Books, Venue

The power of literary memes

An integral part of how we interact and communicate on social media nowadays is through the meme format. This isn’t up for debate; in almost the same way that poetry can induce shared sentiment and a sense of community and belonging, memes spark a reaction which situates the recipient in a communal group – in this case, one linking to a shared humorous response.

A source which exemplifies the successful use of this format is the Instagram account @sparknotes_, an offshoot of the popular educational brand which initially consisted of a series of study guides and aimed to help students in their understanding of literature, poetry and drama. SparkNotes was not the instigator of this upsurge in promoting and sharing literary content through the meme format but rather they capitalised upon a pre-existing market. They have steered the movement to promote an understanding of classical texts through a modern lens; for example, a recent post depicts Nick from the TV show ‘New Girl’ saying “hey ladies, you guys wanna see a grown man cry?” with an added comment above reading ‘Hamlet’s flirting strategy’.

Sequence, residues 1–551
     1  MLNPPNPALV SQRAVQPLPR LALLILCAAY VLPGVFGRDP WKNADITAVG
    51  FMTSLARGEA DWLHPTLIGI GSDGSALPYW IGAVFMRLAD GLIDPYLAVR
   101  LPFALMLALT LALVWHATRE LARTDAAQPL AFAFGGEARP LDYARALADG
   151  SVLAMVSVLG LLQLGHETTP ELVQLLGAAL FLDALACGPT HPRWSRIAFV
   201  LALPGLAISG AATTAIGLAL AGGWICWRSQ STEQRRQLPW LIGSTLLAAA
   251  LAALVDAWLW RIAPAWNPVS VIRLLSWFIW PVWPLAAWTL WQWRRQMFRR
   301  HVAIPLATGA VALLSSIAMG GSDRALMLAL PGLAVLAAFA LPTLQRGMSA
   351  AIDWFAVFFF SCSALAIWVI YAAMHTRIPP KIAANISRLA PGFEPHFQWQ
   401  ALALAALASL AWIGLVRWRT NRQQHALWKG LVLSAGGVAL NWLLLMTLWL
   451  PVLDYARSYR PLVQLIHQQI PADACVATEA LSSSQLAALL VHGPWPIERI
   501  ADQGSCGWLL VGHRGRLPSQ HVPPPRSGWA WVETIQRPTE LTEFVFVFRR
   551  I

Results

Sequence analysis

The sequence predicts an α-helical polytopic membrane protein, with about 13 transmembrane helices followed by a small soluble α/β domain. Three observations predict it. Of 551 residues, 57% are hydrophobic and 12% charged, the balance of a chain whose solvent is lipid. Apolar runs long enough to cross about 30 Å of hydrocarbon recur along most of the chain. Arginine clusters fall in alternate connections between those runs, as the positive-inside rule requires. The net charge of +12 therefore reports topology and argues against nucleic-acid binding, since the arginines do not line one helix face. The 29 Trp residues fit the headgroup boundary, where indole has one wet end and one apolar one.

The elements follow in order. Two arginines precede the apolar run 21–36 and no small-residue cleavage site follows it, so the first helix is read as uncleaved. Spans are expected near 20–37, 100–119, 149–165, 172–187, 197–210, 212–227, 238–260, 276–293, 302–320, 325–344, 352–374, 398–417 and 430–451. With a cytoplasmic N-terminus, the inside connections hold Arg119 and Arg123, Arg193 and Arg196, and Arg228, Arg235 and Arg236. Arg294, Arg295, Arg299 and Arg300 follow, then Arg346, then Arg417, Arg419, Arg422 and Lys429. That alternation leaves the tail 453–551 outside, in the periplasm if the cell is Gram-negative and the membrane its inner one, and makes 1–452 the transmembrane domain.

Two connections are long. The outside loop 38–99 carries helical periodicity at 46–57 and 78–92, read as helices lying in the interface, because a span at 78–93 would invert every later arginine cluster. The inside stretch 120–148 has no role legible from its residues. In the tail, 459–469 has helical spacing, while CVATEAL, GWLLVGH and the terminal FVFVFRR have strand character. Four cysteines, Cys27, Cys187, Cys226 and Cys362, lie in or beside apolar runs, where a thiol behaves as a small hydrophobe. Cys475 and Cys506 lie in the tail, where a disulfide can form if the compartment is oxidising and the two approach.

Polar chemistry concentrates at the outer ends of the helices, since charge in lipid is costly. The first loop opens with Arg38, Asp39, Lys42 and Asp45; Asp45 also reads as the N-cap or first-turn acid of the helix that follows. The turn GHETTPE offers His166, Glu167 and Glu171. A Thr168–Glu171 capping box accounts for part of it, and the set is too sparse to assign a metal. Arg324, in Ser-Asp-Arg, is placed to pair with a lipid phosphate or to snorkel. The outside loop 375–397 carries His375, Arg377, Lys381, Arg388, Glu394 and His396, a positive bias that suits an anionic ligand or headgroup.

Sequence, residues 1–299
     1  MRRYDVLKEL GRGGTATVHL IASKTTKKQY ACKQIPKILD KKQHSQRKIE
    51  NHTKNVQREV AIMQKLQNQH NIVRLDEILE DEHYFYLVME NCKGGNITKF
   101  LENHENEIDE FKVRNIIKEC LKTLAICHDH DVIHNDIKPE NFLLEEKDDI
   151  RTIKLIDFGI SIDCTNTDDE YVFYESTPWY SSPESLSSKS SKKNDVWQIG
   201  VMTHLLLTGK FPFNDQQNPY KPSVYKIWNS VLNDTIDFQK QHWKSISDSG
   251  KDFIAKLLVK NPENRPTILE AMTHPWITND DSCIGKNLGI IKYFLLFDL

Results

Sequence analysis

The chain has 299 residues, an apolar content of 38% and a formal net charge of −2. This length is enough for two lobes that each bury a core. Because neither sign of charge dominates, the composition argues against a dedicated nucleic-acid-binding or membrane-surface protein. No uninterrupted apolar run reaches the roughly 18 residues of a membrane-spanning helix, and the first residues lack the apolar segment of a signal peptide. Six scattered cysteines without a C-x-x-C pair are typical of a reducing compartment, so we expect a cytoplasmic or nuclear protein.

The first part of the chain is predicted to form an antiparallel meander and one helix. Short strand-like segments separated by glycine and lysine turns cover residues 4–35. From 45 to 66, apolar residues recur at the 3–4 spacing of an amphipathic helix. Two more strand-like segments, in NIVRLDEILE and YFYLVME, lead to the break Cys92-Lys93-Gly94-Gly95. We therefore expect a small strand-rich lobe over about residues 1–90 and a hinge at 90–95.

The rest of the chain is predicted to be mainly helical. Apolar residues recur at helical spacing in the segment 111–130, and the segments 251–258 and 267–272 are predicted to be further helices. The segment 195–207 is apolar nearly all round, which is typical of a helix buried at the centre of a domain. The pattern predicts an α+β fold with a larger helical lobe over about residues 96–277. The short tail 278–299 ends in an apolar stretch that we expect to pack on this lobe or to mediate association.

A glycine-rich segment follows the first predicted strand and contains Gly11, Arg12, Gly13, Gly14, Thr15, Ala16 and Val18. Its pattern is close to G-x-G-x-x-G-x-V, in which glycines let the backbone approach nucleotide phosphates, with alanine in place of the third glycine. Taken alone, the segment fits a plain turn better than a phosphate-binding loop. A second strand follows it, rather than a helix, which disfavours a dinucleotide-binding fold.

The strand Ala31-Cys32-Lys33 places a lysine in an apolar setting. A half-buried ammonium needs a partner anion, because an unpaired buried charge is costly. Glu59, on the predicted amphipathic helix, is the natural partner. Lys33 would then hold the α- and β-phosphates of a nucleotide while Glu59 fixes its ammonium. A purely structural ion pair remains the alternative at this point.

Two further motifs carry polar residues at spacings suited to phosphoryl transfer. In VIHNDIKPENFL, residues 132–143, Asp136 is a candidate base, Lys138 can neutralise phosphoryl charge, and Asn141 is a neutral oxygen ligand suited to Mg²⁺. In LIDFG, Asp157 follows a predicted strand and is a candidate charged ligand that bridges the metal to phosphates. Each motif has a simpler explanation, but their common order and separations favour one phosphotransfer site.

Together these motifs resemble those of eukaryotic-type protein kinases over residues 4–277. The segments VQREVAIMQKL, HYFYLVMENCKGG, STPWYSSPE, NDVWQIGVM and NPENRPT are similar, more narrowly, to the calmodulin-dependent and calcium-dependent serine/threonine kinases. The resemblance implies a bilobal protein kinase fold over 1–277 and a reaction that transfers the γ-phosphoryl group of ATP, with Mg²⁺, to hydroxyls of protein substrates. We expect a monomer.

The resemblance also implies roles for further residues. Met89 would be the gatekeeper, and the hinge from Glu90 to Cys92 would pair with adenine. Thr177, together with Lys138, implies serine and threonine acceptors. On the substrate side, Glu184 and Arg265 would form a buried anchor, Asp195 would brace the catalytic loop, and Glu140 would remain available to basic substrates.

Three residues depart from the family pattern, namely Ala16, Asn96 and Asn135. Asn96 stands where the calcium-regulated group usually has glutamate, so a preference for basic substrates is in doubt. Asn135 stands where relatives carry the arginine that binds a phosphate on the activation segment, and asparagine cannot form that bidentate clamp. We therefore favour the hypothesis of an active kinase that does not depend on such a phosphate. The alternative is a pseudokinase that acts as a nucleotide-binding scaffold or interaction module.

An established company such as SparkNotes jumping on this trend indicates its success in promoting literature in a unique way. It seizes upon the communal spirit invoked through the meme format, and encourages its viewer, perhaps stumbling upon it while scrolling through Instagram, to go and read ‘Hamlet’ for themselves, in order to resonate with their parody.

If anything, this phenomenon really establishes how important reading is, and how even the more classical and historical texts hold a similar thread to the media-based entertainment we engage with more frequently today. We see ourselves and the people we know in the books we read, and the comfort this provides extends to the community which is formed around them.

24/11/2020

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Eleanor Burleigh


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